Allan Wilmot, who has died aged 96, was one of the Windrush generation who brought to Britain the sound of the Caribbean.
After fighting in the Royal Navy and the RAF’s Marine Section during the Second World War, he settled in London and had his first recording experience in the Trinidadian Edric Connor’s four-part-harmony backing group, the Caribbeans.
The quartet was completed by his fellow Jamaicans Vernon Nesbeth, Frank Mannah and Wilmot’s brother, Harry – father of the comedian Gary Wilmot – and accompanied by the pianist Earl Inkman.
Their 1954 album Songs from Jamaica was a revelation to British audiences, who wondered at titles such as Wata Come a Me Y’ey and Ball Gwan Roun. Day Dah Light was even credited as an inspiration for Harry Belafonte’s 1956 hit The Banana Boat Song (Day-O).
Edric Connor and the Caribbeans performed in cabaret, and when the Grade Organisation became the quartet’s agent in 1954 they changed their name to the Southlanders, joining Connor for another LP, Songs from Trinidad (1955).
On their own, they broke from their Caribbean musical roots, had the future Beatles producer George Martin as their recording manager and made singles at Abbey Road Studios.
Alone gave them a Top 20 hit in 1957, but their legacy was secured with The Mole in a Hole the following year.
Its jolly singalong verse began: “I’m not a bat or a rat or a cat / I’m not a gnu or a kangaroo / I’m not a goose or a moose on the loose.”
But the novelty song is remembered for its next line, “I am a mole and I live in a hole”, sung solo by the bass Harry. Although like their other later releases it failed to chart, the number became a favourite on the BBC radio show Junior Choice for more than 20 years.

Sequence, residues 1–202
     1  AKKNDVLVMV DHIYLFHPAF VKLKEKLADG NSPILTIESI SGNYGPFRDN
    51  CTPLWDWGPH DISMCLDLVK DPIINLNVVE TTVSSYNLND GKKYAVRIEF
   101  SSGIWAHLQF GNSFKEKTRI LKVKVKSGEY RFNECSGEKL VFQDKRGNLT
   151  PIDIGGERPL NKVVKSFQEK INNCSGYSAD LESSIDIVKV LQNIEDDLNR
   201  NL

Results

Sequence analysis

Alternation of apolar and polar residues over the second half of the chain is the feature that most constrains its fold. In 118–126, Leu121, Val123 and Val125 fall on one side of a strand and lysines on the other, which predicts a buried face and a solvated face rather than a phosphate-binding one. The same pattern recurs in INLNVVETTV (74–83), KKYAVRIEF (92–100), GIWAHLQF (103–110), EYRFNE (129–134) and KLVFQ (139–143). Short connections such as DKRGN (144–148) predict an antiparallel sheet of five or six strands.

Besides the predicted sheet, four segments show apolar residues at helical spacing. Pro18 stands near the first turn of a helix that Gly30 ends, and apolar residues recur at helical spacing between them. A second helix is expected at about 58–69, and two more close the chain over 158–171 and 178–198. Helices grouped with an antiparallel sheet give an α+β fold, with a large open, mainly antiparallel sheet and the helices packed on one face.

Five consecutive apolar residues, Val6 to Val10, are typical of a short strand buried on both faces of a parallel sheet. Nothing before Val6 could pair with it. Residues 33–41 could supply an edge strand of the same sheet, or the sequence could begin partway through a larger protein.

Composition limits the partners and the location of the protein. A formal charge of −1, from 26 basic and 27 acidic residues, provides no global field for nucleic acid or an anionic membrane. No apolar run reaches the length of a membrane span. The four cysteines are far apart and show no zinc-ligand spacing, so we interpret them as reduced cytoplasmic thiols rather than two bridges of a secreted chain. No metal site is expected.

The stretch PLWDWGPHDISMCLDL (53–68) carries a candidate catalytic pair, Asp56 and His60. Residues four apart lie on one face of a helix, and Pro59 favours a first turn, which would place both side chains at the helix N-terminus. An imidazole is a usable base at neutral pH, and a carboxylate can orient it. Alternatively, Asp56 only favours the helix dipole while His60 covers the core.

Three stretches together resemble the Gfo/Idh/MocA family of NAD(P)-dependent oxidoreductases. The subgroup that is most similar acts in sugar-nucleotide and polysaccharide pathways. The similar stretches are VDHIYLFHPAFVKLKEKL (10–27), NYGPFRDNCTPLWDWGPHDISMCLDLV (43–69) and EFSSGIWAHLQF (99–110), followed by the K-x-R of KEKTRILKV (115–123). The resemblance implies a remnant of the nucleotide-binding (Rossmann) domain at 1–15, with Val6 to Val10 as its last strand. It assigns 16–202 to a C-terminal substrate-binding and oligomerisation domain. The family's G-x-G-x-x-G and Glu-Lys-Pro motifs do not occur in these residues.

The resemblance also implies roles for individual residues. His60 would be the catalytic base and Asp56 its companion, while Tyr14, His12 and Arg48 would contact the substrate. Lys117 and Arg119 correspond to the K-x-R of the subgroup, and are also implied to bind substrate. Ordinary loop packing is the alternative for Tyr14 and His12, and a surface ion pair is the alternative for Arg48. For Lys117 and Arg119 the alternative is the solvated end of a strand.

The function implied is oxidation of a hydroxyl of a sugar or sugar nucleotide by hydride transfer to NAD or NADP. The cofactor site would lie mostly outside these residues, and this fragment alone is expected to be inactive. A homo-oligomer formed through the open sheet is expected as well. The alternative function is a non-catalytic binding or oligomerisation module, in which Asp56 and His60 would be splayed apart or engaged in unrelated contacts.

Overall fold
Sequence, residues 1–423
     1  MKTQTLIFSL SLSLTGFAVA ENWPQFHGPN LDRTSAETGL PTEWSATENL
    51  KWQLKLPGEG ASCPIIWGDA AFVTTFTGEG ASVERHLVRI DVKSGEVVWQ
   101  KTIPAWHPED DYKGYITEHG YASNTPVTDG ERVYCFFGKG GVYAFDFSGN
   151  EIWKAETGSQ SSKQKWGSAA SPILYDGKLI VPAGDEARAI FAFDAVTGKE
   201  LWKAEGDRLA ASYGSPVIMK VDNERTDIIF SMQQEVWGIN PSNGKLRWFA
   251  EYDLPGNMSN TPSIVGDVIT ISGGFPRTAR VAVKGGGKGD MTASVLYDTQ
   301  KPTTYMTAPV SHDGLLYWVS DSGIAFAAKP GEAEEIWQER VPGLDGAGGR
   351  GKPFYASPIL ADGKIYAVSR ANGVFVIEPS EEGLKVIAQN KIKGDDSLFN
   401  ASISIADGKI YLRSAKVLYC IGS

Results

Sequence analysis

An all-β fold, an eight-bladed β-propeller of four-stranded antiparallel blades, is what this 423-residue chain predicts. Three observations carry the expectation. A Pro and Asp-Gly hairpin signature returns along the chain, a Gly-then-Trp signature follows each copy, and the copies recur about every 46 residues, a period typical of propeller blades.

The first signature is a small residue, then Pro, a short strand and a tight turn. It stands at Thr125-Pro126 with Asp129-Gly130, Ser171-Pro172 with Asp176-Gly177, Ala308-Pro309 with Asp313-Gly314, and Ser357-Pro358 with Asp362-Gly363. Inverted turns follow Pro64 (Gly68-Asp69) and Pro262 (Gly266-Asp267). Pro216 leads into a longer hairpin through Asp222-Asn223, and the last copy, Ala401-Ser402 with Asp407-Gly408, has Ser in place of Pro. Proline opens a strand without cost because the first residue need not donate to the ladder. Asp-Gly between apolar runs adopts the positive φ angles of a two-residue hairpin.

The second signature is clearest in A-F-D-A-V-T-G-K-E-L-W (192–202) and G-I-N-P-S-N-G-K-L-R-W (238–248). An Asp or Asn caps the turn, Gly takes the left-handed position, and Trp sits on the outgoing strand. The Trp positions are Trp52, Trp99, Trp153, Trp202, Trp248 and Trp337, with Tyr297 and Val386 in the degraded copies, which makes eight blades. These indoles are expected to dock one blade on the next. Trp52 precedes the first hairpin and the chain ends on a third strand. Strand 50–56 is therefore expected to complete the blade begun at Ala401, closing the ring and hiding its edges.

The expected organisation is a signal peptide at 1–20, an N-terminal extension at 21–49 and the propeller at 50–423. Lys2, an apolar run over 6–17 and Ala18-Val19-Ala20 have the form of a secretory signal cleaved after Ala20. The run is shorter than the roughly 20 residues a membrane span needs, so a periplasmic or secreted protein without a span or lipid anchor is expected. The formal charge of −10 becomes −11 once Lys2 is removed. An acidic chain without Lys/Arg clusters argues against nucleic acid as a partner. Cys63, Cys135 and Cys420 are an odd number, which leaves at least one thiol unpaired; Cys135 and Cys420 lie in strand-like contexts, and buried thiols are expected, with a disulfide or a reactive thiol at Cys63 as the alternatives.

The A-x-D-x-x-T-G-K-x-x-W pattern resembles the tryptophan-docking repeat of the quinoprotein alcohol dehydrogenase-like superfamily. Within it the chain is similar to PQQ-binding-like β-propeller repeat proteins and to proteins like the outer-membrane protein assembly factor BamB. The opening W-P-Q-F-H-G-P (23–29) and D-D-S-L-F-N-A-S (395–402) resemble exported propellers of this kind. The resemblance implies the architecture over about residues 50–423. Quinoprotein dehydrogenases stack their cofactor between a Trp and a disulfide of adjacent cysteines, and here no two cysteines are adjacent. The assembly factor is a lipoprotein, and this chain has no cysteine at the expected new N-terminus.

The Southlanders toured Europe and appeared on bills with stars such as Frankie Vaughan and Marty Wilde.
Allan Charles Wilmot was born on August 24 1925 in Kingston, Jamaica, to Alice (née Hay), a social worker, and Charles Wilmot, captain of a local shipping agency’s cargo boat.
On leaving Wesley School he saw few opportunities in Jamaica, and as a British subject he volunteered for the Royal Navy in 1941.
His wartime service began in the minesweeper Hauken, destroying mines and escorting ships to defend them from being torpedoed by German submarines in the Caribbean. After two years, Wilmot applied to switch to the RAF Marine Section’s air-sea rescue service in Britain, recovering troops shot down or stranded at sea.
While finding American soldiers openly racist, he was asked by British people on telling them he was from Jamaica: “What part of Africa is that?”
On demob in 1946 he took a job in Jamaica’s Customs & Excise office but soon felt the island offered him few opportunities.
The following year he travelled to London to start a new life, and for a while slept inside Tube trains at night after finding boarding houses with signs proclaiming: “No blacks, no Irish, no dogs.” He found work at a factory and washed dishes at the Cumberland Hotel in Marble Arch.
Then came the chance to display his singing talents when he joined the Ken Hunter Quartet, a close harmony group, in 1950.
Wilmot left the Southlanders in 1974 and worked as a telephone operator until retiring in 1990.
He was also a voluntary worker for the West Indian Ex-Service Association (now named the West Indian Association of Service Personnel), which highlights the contributions made by 16,000 Caribbeans during the Second World War. Its activities enabled him to meet the Queen, Prince Philip, Prince Charles and Boris Johnson.
His autobiography, Now You Know, was published in 2015.
Wilmot’s first marriage ended in divorce. In 1966 he married Joyce (née Fletcher). They later separated and she died in 2020. He is survived by their daughter and by the three daughters of his first marriage.
Allan Wilmot, born August 24 1925, died October 20 2021